A heave offering, or terumah (תְּרוּמָה), plural terumot, is a kind of offering.
Hillel (הלל; variously called Hillel HaGadol, or Hillel HaZaken, Hillel HaBavli or HaBavli,. was born according to tradition in Babylon c. 110 BCE, died 10 CE in Jerusalem) was a Jewish religious leader, one of the most important figures in Jewish history.
The House of Shammai (or Beth Shammai, or in Modern Hebrew Beit Shammai. Beth is Hebrew for house of) was the school of thought of Judaism founded by Shammai, a Jewish scholar of the 1st century, BCE.
Israel, officially the State of Israel, is a country in the Middle East, on the southeastern shore of the Mediterranean Sea and the northern shore of the Red Sea.
Jordan (الْأُرْدُنّ), officially the Hashemite Kingdom of Jordan (المملكة الأردنية الهاشمية), is a sovereign Arab state in Western Asia, on the East Bank of the Jordan River.
The United Monarchy is the name given to the Israelite kingdom of Israel and Judah, during the reigns of Saul, David and Solomon, as depicted in the Hebrew Bible.
The Kingdom of Judah (מַמְלֶכֶת יְהוּדָה, Mamlekhet Yehudāh) was an Iron Age kingdom of the Southern Levant.
Kohen or cohen (or kohein; כֹּהֵן kohén, "priest", pl. kohaním, "priests") is the Hebrew word for "priest" used colloquially in reference to the Aaronic priesthood.
A Levite or Levi is a Jewish male whose descent is traced by tradition to Levi.
Livestock are domesticated animals raised in an agricultural setting to produce labor and commodities such as meat, eggs, milk, fur, leather, and wool.
In its primary meaning, the Hebrew word (meaning "commandment",,, Biblical:; plural, Biblical:; from "command") refers to precepts and commandments commanded by God.
Mosesמֹשֶׁה, Modern Tiberian ISO 259-3; ܡܘܫܐ Mūše; موسى; Mωϋσῆς was a prophet in the Abrahamic religions.
Naso or Nasso (— Hebrew for "take a census" or "lift up," the sixth word, and the first distinctive word, in the parashah) is the 35th weekly Torah portion (parashah) in the annual Jewish cycle of Torah reading and the second in the Book of Numbers.
New Year is the time or day at which a new calendar year begins and the calendar's year count increments by one.
New Year's Day, also called simply New Year's or New Year, is observed on January 1, the first day of the year on the modern Gregorian calendar as well as the Julian calendar.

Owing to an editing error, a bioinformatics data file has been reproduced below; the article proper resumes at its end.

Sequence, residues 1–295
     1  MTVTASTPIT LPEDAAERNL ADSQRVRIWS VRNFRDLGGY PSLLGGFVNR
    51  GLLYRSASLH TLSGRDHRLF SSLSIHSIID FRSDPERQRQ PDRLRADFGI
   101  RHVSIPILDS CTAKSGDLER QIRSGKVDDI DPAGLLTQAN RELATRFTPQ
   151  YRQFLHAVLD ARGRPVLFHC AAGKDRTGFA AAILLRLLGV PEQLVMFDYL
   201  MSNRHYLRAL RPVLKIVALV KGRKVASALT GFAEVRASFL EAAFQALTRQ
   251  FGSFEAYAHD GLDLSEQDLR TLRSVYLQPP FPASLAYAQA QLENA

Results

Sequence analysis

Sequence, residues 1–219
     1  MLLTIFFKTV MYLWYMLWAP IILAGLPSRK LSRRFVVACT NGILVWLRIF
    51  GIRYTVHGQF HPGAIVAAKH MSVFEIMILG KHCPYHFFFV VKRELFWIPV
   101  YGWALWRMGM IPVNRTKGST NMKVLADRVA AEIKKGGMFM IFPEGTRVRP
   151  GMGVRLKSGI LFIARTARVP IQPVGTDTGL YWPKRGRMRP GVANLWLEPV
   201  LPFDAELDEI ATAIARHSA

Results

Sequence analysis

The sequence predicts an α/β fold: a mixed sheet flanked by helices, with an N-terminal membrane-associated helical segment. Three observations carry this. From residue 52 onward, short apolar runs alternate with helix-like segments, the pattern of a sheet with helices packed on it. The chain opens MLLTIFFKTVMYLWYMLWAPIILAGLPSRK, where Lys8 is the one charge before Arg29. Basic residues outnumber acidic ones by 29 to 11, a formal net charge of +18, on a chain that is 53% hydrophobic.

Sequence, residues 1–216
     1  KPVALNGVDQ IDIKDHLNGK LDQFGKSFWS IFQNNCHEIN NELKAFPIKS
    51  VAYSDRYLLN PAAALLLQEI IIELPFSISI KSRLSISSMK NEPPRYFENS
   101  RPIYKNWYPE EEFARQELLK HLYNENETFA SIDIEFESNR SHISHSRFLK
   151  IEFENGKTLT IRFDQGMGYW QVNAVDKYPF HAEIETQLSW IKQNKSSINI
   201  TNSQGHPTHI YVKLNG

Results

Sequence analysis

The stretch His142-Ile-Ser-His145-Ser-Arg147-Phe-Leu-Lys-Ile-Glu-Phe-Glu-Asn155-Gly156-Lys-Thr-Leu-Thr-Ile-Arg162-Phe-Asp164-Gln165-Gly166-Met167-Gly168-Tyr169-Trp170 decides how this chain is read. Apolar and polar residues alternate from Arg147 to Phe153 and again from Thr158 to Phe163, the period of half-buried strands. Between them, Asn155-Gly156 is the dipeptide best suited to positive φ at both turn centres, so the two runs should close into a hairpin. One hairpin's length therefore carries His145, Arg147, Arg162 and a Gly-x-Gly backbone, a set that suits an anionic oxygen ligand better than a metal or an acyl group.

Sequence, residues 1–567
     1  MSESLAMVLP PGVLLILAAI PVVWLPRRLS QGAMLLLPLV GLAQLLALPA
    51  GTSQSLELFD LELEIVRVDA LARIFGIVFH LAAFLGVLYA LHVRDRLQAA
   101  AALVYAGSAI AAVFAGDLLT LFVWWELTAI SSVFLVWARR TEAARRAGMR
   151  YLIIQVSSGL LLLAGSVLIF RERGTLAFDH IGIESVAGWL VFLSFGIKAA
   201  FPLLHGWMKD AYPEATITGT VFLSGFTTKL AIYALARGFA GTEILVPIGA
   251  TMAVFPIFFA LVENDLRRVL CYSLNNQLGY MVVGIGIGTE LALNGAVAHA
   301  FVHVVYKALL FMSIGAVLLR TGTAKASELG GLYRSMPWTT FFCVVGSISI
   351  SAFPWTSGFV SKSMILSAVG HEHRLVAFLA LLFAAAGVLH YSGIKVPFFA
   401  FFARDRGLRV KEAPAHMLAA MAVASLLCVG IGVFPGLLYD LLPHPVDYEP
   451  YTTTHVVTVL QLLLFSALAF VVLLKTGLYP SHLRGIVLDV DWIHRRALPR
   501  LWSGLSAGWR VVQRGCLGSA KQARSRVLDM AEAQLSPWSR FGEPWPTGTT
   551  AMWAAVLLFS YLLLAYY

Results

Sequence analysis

In the Gregorian calendar, New Year's Eve (also known as Old Year's Day or Saint Sylvester's Day in many countries), the last day of the year, is on 31 December which is the seventh day of Christmastide.
Olive oil is a liquid fat obtained from olives (the fruit of Olea europaea; family Oleaceae), a traditional tree crop of the Mediterranean Basin.
Orthodox Judaism is a collective term for the traditionalist branches of Judaism, which seek to maximally maintain the received Jewish beliefs and observances and which coalesced in opposition to the various challenges of modernity and secularization.
Peake's Commentary on the Bible is a one-volume commentary on the Bible that gives special attention to Biblical archaeology and the then-recent discoveries of biblical manuscripts.
The poor tithe, or poor man's tithe (Hebrew: ma'sar ani), also referred to as the pauper's tithe or the third tithe, reflects an obligation to set aside one tenth of produce grown in the third and sixth years of the seven-year sabbatical cycle for the benefit of the Levites and the poor, in the days of the Temple in Jerusalem.
The Priestly source (or simply P) is, according to the documentary hypothesis, one of four sources of the Torah, together with the Jahwist, the Elohist and the Deuteronomist.
Rabbi Meir (רַבִּי מֵאִיר) or Rabbi Meir Baal HaNes (Rabbi Meir the miracle maker) was a Jewish sage who lived in the time of the Mishna.
Shlomo Yitzchaki (רבי שלמה יצחקי; Salomon Isaacides; Salomon de Troyes, 22 February 1040 – 13 July 1105), today generally known by the acronym Rashi (רש"י, RAbbi SHlomo Itzhaki), was a medieval French rabbi and author of a comprehensive commentary on the Talmud and commentary on the ''Tanakh''.
Richard Elliott Friedman (born May 5, 1946) is a biblical scholar and the Ann and Jay Davis Professor of Jewish Studies at the University of Georgia.
Rosh Hashanah (רֹאשׁ הַשָּׁנָה), literally meaning the "beginning (also head) the year" is the Jewish New Year.
The Second Temple (בֵּית־הַמִּקְדָּשׁ הַשֵּׁנִי, Beit HaMikdash HaSheni) was the Jewish Holy Temple which stood on the Temple Mount in Jerusalem during the Second Temple period, between 516 BCE and 70 CE.